Word Up!By Todd R. Nelson
“One good word is worth a thousand pictures.” —Eric Sevareid
My twelfth grade English teacher, Mr. Walker, made us learn twenty-five vocabulary words per week. There was a quiz each Friday, on which he would select ten words from the twenty-five. The end-of-term test was a doozie. But it’s not about the tests.
Even though that was a long time ago in teacher years, and pre-history in child years, I can still envision the lists and quizzes and all kinds of late night thumbing of the dictionary. Mandarin, caucus, Walpurgisnacht, dialectic, palette and palate, moot, pique, and troika were words I heard for the first time in his class and still—oddly—remember. The weekly words came from assigned novels and stories or magazine articles (What the heck were we reading?), and many had multiple definitions. Mostly I remember being inducted into the discipline and peculiar joy of acquiring interesting words. For some classmates it was a chore, but we all took Mr. Walker’s justification at face value: that knowing lots of words and putting them to use is virtuous and powerful.
The son of a journalist takes this on faith, but the importance of vocabulary building and language in action has been in the news recently to explain intellectual development and scholastic efficacy. Acquiring words is directly related to intellectual development, according to scholars. In The New York Times Magazine, an article about school reform cited a 1995 University of Kansas study by Hart and Risley that found a close correlation between I.Q. and the size of vocabulary. Children who heard more words in use had higher I.Qs. And those larger vocabularies correlated closely “to one simple factor: the number of words the parents spoke to the child… anything from a one-word command to a full soliloquy.” We’re not talking the ability to use Walpurgisnacht in a sentence, here—just frequency and length of talk.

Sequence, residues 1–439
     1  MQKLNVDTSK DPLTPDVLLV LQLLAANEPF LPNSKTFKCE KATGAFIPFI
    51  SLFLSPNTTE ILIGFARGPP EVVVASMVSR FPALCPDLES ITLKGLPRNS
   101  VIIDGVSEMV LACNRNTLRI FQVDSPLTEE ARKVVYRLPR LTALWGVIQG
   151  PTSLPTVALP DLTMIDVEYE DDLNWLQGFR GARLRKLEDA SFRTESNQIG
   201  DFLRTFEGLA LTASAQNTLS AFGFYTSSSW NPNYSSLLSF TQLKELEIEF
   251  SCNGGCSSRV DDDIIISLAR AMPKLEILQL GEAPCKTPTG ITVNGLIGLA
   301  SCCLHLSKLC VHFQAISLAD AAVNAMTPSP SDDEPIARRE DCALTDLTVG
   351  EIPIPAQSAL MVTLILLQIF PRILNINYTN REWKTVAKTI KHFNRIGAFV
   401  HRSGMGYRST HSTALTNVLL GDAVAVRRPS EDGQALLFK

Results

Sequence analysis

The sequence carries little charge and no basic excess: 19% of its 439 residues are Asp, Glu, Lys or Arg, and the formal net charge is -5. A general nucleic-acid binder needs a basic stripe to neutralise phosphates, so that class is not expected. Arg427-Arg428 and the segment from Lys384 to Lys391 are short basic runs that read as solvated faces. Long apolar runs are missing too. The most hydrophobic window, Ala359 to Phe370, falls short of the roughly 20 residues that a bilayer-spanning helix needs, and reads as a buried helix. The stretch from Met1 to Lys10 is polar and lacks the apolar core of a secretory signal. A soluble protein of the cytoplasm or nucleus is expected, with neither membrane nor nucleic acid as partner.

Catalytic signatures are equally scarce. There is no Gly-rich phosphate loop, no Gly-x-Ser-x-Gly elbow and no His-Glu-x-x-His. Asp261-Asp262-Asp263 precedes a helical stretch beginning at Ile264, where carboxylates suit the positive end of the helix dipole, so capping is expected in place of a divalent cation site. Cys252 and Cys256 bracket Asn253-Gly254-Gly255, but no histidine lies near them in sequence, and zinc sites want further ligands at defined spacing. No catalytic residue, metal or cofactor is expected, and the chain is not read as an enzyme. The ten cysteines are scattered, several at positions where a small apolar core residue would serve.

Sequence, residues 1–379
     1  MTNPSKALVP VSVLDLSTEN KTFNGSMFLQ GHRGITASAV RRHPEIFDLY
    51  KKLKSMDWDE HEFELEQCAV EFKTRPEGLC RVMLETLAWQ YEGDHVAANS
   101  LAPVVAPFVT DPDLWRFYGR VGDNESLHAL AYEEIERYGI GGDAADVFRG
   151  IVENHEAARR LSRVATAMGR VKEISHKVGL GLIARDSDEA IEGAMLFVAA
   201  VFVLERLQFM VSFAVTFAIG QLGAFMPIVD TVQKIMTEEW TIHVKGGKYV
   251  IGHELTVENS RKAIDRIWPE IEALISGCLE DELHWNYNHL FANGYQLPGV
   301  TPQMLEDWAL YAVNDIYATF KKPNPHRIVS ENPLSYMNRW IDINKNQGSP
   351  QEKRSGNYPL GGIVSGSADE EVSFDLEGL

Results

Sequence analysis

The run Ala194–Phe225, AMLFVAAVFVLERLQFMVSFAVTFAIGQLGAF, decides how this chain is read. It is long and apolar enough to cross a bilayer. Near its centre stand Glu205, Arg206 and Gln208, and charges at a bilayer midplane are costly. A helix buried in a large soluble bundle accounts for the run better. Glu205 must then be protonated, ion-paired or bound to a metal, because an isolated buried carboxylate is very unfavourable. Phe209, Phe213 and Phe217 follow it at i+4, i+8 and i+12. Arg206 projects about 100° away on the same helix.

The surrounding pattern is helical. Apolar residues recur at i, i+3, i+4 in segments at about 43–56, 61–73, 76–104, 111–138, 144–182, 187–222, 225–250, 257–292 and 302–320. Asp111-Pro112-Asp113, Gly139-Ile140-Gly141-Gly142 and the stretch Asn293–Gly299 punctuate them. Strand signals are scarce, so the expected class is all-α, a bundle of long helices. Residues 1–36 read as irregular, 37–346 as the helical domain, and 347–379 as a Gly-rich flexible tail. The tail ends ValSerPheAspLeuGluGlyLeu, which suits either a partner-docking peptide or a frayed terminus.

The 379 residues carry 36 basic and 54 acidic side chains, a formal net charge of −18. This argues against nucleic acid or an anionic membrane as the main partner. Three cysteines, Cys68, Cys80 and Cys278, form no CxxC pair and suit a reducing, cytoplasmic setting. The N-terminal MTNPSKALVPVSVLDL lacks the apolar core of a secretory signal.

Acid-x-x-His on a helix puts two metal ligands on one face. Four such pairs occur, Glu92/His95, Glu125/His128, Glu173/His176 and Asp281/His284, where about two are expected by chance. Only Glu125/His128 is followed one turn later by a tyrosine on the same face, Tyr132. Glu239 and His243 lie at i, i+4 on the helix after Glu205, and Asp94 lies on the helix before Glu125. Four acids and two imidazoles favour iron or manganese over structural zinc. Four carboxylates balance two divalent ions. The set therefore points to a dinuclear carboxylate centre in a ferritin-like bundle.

Next point in the article? Content and tone: keep it positive. “As conversation moved beyond simple instructions,” Hart and Risley observed, “it blossomed into discussions of the past and future, of feelings, of abstractions, of the way one thing causes another — all of which stimulated intellectual development.” Putting it succinctly, “hearing fewer words, and a lot of prohibitions and discouragements, had a negative effect on I.Q.; hearing lots of words, and more affirmations and complex sentences, had a positive effect on I.Q.”
Discussion may seem like a process-intensive, slow route to understanding, but this language-based approach is developing vocabulary, urging mindful word choice, gauging audience and register, encouraging students to measure ideas and their expression in a way that develops intellectual efficacy. It’s good practice, like playing scales and exercises on an instrument on the path to improvisation. I’ll never say, “Get to the point” again without considering that using all those words is the point. Talk it up. And thanks, Mr. Walker. Even though I don’t get to use Walpurgisnacht very often…I’m glad to know it’s in my vocabulary palette, especially on Halloween.
Todd R. Nelson is Head of School at The School in Rose Valley, Pennsylvania.